Such aggregations of hyphae frequently become knotted up into dense masses of interwoven and closely packed hyphae, varying in size from that of a pin's head or a pea (Peziza, Coprinus) to that of a man's fist or head, and weighing io to 25 lb or more (Polyporus Mylittae, P. tumulosus, Lentinus Woermanni, P. Sapurema, &c.).
An epidermis-like or cortical protective outer layer is very common, and is usually characterized by the close septation of the densely interwoven hyphae and the thickening and dark colour of their outer walls (sclerotia, Xylaria, &c.).
Us to cases where the main mass of the sporophore forms a supporting tissue of closely crowded or interwoven hyphae, the sporogenous terminal parts of the hyphae being found at the periphery or apical regions only.
The gleba is usually differentiated into a number of chambers which are lined directly by the hymenium (basidial layer), or else the chambers contain an interwoven mass of hyphae, the branches of which bear the basidia.
Over them is a series of oval medallions with inscriptions, interwoven with flowers and leaves.
The history of the kingdom of Naples is inextricably interwoven with that of Sicily, with which for long periods it was united as the kingdom of the Two Sicilies.
This is the name preferred by the Elohistic writer (E) whose work is interwoven into the Old Testament narrative, and he is followed by the Deuteronomist school (D).
The struggle against the bishops, in which a clamour for a reform of clerical life and a striving for local self-government were strangely interwoven, had raged for a couple of generations when King Henry V., great patron of municipal freedom as he was, legalized by a series of charters the status quo (Cremona, 1114, Mantua, 1116).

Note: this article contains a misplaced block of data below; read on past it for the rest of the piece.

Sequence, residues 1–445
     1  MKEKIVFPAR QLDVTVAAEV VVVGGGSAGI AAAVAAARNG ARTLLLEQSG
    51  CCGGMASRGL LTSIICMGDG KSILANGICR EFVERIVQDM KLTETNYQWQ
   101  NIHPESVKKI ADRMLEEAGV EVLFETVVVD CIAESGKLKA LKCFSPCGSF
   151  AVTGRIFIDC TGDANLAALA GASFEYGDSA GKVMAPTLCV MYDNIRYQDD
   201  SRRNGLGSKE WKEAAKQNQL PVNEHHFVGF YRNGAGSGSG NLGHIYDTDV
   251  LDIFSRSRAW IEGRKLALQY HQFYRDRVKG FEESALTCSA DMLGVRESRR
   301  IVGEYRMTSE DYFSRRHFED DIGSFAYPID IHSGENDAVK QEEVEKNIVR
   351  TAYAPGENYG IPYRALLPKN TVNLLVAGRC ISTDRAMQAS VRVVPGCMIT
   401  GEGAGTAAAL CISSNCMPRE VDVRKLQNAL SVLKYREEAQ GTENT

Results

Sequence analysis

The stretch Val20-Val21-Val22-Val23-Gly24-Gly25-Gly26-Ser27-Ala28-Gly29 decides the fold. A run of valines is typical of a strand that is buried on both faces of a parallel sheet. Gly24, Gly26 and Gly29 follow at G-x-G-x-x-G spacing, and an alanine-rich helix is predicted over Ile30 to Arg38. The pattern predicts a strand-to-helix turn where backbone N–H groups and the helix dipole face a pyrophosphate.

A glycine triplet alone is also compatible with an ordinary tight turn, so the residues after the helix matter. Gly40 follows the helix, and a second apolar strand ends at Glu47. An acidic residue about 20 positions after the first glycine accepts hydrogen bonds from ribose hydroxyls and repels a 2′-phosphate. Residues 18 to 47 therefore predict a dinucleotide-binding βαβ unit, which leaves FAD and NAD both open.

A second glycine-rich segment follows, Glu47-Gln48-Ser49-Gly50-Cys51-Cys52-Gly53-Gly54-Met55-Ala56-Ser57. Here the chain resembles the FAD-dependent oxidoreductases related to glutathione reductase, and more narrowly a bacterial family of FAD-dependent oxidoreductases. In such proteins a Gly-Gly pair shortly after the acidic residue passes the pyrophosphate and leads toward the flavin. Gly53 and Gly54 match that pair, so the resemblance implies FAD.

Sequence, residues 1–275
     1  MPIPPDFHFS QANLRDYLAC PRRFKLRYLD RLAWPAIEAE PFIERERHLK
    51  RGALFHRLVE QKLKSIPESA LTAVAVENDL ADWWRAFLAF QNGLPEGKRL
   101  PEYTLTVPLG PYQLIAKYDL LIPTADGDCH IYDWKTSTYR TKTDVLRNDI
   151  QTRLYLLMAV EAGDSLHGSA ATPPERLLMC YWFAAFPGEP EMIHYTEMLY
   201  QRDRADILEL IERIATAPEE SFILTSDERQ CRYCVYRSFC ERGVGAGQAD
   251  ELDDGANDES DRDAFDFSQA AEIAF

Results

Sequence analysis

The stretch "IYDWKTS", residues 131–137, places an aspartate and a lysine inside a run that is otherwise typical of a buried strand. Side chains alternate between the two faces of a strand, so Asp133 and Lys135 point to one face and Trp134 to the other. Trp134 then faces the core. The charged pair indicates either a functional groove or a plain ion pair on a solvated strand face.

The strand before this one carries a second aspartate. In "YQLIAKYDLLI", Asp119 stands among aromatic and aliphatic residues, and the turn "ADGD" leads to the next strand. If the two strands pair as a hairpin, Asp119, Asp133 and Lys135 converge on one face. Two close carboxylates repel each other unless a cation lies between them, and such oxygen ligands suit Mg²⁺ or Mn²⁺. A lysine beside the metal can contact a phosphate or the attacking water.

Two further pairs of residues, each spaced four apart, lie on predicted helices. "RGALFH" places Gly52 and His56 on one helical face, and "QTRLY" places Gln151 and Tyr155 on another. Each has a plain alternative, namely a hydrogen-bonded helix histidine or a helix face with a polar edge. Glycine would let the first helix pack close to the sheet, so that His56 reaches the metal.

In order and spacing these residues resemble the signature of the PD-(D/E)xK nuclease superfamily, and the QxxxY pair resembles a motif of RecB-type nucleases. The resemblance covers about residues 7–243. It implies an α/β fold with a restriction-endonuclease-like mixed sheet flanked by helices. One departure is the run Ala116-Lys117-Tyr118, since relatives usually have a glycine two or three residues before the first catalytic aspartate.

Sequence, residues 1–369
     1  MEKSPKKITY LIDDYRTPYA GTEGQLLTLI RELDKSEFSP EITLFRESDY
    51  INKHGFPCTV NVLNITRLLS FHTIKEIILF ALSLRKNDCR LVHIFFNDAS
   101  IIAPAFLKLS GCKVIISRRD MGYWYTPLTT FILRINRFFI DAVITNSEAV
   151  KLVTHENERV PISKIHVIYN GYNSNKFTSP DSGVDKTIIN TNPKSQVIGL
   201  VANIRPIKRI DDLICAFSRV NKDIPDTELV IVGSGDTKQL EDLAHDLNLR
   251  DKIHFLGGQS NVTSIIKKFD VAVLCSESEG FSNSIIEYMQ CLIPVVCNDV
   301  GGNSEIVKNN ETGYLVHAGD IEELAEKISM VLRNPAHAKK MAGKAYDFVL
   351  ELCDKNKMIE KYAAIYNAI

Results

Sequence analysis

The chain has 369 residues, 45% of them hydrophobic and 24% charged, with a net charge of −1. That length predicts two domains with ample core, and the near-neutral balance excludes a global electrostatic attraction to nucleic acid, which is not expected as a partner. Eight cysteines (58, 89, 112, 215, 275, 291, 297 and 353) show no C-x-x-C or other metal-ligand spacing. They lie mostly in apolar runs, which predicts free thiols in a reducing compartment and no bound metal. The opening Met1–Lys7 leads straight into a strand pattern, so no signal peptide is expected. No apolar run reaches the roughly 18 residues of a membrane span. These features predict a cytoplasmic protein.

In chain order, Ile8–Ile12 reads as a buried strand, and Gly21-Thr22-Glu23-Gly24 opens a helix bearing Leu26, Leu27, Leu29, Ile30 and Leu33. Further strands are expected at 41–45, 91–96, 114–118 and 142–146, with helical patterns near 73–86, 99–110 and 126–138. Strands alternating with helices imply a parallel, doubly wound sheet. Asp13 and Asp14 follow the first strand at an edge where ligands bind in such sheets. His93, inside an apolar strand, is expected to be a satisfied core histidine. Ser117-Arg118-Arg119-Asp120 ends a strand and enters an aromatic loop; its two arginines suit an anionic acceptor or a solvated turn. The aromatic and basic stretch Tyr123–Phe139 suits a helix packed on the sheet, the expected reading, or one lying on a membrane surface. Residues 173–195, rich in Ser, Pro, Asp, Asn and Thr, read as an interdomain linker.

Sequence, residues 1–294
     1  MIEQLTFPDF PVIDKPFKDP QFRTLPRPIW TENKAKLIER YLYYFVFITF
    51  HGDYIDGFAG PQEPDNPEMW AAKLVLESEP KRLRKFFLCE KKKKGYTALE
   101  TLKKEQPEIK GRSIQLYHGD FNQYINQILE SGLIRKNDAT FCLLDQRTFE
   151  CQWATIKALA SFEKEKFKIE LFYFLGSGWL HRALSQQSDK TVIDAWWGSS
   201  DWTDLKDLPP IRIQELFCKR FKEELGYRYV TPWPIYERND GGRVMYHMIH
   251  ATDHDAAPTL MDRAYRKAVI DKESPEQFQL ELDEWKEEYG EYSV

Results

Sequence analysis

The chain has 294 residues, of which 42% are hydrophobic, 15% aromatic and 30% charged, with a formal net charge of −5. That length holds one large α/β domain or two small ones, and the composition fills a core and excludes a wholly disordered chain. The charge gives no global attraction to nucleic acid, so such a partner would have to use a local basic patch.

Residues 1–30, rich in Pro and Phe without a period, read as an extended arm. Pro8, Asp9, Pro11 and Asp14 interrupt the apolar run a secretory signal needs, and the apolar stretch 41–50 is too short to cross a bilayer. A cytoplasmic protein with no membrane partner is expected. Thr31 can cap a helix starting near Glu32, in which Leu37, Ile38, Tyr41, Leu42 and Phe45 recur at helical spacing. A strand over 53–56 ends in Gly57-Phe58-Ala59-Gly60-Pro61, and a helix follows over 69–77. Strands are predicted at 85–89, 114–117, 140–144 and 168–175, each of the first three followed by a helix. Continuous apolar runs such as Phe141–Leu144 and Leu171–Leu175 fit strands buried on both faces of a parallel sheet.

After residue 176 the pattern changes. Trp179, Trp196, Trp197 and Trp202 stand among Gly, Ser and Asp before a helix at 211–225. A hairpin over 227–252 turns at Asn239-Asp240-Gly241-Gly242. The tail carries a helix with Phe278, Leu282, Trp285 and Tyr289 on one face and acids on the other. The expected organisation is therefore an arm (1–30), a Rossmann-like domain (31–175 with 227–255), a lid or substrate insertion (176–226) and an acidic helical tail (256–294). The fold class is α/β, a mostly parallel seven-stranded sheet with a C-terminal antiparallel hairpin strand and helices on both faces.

Bamboo is extensively used as a timber wood, and houses are frequently made entirely out of the products of the plant; complete sections of the stem form posts or columns; split up, it serves for floors or rafters; and, interwoven in lattice-work, it is employed for the sides of rooms, admitting light and air.
But Hindu and Mahommedan interests were found to be so closely interwoven that this policy became impracticable, and it was superseded when D.
These chapters present considerable difficulty to the literary critic; for while they clearly illustrate the application of the principle of " holiness," and in the main exhibit the characteristic phraseology of II, they also display many striking points of contact with P and the later strata of P, which have been closely interwoven into the original laws.
Abstinence from flesh was also enjoined, and a good deal of astrological fancy was interwoven with the doctrinal and practical teaching.
The remainder of his life is inextricably interwoven with that of Caesar.
Zephaniah's prophecies are characterized by the denunciation of Judah and Jerusalem and the promise of a peaceful future, and these are interwoven with the idea of a world-wide judgment resulting in the sovereignty of a universally recognized Yahweh.
Here it must suffice to point out Fomign how closely the development of foreign affairs was policy interwoven with that of home politics.
The British who fled before the Teutonic and Scandinavian invasions of the 6th and 8th centuries, had carried with them to Armorica, and fondly cherished, the remembrance of Arthur and his deeds, which in time had become interwoven with traditions of purely Breton origin.
It is a light boat, oval in shape, and formed of canvas stretched on a framework of split and interwoven rods, and well-coated with tar and pitch to render it water-tight.
Its history is indissolubly interwoven with that of the Stokavci, which ultimately superseded it, and became the literary language of all the SerboCroats, as it had long been the language of the best national ballads and legends.
His constant endeavour is to render the contents of the Christian consciousness clear to reason, and to develop the intelligible truths interwoven with the Christian belief.
Some of them are skilled workers of brass, and the Brunei women make very beautiful cloth, interwoven and embroidered with gold thread.